5. Residents will probably pay more for electricity.

There have been wildly different estimates for what the legislation will mean to consumers’ electric bills.

House Democrats estimated residents could see an increase on each of their monthly bills of about $4.50. Business groups such as the Illinois Chamber of Commerce, however, have derided the legislation as “the largest electricity rate hike in Illinois history.”

The AARP Illinois, which also is in opposition to the plan, contends Illinois families could expect to see their bills increase by as much as $15 per month.

6. What about ComEd?

While this is an energy bill that’s meant to curb carbon emissions and support green energy, the debate over the bill came with a certain elephant in the room — one of the state’s largest public corruption scandals, which involved utility giant Commonwealth Edison.

Last year, ComEd admitted that it embarked in a years-long effort to bribe former Illinois House Speaker Michael Madigan in exchange for favorable legislation, which included the ability to essentially guarantee the company a profit, year after year. Madigan, however, denies wrongdoing and has not been charged.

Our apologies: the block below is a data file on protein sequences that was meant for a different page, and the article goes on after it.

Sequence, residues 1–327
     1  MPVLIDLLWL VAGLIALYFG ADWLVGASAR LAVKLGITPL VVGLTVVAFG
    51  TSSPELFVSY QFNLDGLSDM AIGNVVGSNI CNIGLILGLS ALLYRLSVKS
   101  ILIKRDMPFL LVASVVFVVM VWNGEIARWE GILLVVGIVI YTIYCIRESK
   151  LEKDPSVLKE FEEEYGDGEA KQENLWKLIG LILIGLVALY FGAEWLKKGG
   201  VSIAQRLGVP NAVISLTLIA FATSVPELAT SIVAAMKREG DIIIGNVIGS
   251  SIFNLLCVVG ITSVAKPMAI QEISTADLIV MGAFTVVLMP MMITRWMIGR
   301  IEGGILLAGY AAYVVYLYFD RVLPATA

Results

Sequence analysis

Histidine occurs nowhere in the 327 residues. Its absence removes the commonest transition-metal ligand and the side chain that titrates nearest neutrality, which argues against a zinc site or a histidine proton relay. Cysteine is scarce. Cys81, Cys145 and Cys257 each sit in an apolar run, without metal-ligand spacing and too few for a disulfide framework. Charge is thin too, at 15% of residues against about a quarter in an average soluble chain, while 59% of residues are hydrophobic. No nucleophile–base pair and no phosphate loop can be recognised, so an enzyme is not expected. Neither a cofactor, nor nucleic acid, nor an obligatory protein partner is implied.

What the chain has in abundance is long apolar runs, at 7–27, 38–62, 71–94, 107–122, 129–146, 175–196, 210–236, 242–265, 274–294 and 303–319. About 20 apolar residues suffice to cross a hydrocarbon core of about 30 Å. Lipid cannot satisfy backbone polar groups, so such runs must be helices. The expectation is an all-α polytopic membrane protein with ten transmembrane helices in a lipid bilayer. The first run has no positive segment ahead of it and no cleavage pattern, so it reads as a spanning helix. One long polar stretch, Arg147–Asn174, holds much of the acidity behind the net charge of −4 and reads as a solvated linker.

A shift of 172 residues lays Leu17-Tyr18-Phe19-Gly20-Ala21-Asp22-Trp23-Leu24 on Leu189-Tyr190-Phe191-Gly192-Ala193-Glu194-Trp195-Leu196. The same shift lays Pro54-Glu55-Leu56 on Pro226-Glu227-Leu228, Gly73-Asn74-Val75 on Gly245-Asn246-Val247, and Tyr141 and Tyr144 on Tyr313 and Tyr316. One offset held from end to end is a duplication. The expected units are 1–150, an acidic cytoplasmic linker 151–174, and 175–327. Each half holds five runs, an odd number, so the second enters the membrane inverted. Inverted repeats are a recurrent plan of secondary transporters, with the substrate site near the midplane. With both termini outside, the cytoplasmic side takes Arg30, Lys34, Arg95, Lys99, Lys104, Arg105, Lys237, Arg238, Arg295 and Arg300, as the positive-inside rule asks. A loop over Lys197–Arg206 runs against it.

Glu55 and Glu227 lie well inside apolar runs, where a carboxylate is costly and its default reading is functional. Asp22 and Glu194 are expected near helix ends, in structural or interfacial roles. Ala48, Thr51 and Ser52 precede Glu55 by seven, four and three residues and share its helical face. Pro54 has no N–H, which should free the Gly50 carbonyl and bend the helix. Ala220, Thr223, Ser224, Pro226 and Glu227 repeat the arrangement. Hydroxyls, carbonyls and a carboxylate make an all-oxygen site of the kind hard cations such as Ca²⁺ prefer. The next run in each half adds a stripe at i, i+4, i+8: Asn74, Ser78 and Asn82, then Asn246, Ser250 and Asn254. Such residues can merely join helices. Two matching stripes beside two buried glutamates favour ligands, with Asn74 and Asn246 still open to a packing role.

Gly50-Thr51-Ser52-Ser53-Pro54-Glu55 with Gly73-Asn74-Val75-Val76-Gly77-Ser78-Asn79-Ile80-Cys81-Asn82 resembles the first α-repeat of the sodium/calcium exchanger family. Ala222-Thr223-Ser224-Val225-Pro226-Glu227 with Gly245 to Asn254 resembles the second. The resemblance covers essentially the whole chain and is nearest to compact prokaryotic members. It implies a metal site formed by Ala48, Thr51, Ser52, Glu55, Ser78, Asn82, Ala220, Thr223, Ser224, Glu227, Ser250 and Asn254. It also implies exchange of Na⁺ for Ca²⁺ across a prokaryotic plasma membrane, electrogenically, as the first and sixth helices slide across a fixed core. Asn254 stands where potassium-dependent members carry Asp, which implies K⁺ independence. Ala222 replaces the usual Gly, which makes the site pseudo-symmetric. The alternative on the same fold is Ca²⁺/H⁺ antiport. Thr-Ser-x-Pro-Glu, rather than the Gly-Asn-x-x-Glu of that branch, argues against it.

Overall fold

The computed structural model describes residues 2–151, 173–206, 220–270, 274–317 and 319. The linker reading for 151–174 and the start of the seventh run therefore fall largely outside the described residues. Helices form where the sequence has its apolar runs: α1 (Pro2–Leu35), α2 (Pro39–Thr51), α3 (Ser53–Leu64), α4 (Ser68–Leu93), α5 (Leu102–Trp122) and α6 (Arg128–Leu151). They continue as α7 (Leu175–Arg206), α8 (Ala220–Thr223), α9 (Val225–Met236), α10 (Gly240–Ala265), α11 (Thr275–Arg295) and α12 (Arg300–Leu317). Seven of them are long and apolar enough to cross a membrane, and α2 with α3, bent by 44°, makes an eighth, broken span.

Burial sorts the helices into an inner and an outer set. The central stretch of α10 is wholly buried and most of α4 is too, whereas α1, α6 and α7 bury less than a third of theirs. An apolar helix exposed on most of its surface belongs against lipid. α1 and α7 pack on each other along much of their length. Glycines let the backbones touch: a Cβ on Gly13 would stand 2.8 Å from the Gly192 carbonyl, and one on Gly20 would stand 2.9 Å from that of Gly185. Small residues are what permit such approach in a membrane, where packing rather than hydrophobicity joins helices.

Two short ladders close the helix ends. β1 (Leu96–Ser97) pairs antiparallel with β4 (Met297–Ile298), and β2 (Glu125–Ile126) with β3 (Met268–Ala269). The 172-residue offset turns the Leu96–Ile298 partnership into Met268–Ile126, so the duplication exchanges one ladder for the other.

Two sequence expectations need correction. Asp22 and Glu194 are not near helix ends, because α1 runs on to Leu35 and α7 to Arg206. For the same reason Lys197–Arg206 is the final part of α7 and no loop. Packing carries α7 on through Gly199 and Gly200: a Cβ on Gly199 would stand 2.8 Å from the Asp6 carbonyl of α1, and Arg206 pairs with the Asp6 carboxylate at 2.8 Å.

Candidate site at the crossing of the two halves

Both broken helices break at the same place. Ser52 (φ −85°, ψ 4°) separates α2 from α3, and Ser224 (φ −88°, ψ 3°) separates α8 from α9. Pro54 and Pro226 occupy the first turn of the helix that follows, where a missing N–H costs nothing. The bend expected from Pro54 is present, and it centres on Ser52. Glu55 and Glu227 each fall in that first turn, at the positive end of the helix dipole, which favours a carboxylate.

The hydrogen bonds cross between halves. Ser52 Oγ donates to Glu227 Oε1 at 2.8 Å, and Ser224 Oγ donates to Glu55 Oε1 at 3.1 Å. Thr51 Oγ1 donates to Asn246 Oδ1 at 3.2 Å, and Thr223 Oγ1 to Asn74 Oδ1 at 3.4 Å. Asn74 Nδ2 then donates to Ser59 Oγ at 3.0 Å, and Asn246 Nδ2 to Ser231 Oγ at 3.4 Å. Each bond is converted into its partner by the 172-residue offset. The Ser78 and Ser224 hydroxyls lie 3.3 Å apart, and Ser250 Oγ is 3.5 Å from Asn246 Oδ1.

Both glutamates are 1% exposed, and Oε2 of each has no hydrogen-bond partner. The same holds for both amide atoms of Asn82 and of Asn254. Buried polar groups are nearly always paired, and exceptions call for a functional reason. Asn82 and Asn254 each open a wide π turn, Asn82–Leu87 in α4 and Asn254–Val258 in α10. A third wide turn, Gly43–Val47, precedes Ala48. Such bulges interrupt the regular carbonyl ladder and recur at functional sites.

In light of the scandal, Pritzker originally proposed several ethics measures to be a part of this energy package. Many of those reforms, however, did not end up in the bill. What it would do, if passed and signed into law, is require legislators to disclose any relatives who are employed by a utility and requires each utility to employ a chief ethics and compliance officer who must file an annual report to the Illinois Commerce Commission, the state’s utility regulatory body.

There is language in the bill that also would authorize the Illinois Commerce Commission to open an investigation into whether electric ratepayers are entitled to any restitution from ComEd because of its admitted wrongdoing. The ICC already has opened that probe. But the bill doesn’t make clear whether consumers might be entitled to a noticeable refund or mere pennies — if that.

Tony Arnold covers state politics for WBEZ. Follow @tonyjarnold.